Prain opens this chapter with the line ‘Not all stories are told in the form of words.’ and in most cultures symbolism is used to tell the tales which should have a beginning, middle and end (according to Prain). I disagree with her here as I like to arouse curiosity and prompt people to make up their own endings. With my work I see myself as the instigator of the story but not the concluder.
True to her Canadian roots she gives examples of native Canadian artists work.
Jennifer Annais Pighin Blanket of Understanding utilizes design elements of design from the traditional clothes of the Lheidi T’enneh First Nation members.
Freddie Robbins is a UK based artist – a subversive knitter. Craft Kills illustrates her work perfectly.
machine knitted wool, knitting needles, 2000 × 680 × 380 mm, 2002
“Craft Kills is a self-portrait based on the well-recognised image of Saint Sebastian being martyred. Instead of arrows piercing my skin I have knitting needles. The title immediately brings to mind the old adage of “dying for your art” but what I am much more concerned with is the stereotypical image that craft, and in particular knitting, has, of being a passive, benign activity. How would it be if craft was considered as dangerous or subversive? Since conceiving of this piece the world suffered the events of September 11th and its aftermath. You can no longer fly with knitting needles in your hand luggage. Knitting is now classed as a dangerous activity.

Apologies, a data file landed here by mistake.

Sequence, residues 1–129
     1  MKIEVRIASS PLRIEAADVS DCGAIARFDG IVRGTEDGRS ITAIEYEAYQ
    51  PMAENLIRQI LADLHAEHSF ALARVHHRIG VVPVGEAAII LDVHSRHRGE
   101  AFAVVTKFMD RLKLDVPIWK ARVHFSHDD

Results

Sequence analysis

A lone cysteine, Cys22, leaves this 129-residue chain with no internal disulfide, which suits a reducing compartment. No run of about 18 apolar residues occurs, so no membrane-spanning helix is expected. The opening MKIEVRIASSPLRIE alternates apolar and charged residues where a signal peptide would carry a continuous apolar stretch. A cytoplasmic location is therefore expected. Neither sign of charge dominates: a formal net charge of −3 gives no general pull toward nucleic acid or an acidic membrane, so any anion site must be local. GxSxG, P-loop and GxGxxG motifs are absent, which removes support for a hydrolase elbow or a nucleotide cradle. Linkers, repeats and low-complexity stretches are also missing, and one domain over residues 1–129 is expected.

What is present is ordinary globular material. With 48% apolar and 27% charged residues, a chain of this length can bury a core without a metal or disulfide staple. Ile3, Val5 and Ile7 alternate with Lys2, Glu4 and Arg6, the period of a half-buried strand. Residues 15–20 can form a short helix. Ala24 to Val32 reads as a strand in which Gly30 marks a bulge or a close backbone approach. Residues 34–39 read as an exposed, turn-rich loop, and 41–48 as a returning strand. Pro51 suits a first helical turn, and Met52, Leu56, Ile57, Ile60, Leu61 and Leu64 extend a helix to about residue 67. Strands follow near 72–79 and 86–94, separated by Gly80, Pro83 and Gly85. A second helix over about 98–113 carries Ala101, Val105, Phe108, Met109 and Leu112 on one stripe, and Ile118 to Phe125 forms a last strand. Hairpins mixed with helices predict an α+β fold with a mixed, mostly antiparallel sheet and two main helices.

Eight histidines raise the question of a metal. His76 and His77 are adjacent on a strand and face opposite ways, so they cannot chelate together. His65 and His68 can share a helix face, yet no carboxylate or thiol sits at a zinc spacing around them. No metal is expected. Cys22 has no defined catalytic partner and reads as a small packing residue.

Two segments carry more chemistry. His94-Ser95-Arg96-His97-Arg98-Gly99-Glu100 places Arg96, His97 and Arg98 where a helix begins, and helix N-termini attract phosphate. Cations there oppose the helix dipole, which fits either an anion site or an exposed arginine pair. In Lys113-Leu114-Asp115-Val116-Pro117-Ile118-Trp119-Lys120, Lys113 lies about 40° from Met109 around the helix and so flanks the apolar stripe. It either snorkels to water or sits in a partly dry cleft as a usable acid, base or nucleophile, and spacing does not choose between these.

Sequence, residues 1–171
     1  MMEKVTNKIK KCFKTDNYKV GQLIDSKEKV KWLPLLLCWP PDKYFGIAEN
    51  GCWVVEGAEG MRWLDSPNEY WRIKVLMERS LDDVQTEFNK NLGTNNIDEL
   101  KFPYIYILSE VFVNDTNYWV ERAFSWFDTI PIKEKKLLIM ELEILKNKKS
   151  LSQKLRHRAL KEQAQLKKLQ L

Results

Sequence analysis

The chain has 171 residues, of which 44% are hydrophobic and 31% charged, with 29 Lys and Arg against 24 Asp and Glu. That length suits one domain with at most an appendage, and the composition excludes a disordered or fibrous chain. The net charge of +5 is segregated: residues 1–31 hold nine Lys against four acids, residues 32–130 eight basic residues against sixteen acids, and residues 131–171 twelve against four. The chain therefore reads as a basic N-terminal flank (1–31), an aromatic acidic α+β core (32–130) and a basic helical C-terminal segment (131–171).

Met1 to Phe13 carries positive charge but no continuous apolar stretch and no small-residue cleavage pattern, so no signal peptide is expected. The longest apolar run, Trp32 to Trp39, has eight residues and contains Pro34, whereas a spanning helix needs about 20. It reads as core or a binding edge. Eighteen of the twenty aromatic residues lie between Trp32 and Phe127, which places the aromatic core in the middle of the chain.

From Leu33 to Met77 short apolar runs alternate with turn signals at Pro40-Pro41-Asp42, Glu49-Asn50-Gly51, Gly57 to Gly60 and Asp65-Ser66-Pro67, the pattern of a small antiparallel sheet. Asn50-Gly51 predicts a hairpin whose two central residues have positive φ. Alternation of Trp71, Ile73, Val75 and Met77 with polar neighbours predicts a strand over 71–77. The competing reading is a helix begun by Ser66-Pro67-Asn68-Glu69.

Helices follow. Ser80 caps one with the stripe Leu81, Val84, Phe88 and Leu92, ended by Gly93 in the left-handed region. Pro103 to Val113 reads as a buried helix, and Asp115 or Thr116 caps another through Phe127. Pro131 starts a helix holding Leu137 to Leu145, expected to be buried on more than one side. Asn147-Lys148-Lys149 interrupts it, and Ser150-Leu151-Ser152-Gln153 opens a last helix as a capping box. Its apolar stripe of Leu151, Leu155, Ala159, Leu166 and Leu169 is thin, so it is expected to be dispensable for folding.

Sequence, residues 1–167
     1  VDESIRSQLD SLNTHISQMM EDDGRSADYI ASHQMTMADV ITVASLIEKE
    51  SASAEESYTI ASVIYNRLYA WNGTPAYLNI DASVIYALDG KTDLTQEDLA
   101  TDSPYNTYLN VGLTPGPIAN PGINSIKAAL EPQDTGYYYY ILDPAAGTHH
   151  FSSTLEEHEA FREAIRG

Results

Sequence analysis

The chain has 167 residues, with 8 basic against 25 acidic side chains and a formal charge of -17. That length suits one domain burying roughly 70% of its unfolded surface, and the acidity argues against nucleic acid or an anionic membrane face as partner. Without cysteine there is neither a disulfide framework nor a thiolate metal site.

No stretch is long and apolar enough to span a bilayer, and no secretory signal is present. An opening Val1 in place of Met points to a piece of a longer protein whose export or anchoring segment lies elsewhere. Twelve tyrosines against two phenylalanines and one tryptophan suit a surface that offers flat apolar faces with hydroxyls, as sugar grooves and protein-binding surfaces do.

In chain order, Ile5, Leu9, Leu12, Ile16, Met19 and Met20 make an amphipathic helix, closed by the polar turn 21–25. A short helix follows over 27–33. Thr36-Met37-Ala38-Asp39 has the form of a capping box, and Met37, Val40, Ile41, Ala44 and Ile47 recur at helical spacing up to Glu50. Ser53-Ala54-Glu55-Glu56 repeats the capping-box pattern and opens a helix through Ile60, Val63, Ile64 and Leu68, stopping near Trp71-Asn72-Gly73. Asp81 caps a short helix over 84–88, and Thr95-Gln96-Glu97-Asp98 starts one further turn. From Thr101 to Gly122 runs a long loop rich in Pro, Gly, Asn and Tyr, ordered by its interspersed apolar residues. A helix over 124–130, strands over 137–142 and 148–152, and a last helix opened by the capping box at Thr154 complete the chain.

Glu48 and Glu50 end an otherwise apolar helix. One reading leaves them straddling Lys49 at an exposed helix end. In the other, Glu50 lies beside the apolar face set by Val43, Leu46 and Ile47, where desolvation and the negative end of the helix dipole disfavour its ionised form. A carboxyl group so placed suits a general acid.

(Statement written for Flexible 4: Identities catalogue, 2004)
Photography: Douglas Atfield”
Freddie Robbins thinks carefully about the titles for her work, another attribute I admire.
Bettina Matzuhn works with the metaphors of maps, sails and weather in a textile context.
Tides 2011 360cm h x 270cm w x 120cm d (12’ tall x 9‘wide x 4’ deep)
Cotton canvas, hand embroidery cotton thread, machine sewn sails, hand worked corners/grommets. Sisal rope, stainless steel tubing, assorted nautical fittings, formed wooden battens, cut plate steel bases.
This article by Bettina is about the functionality of her mother’s craft verses her own work which is often boxed up in crates or shown in white cubed galleries.
The chapter concludes with ideas put forward by Amanda Wood as to how you could make your own textile map.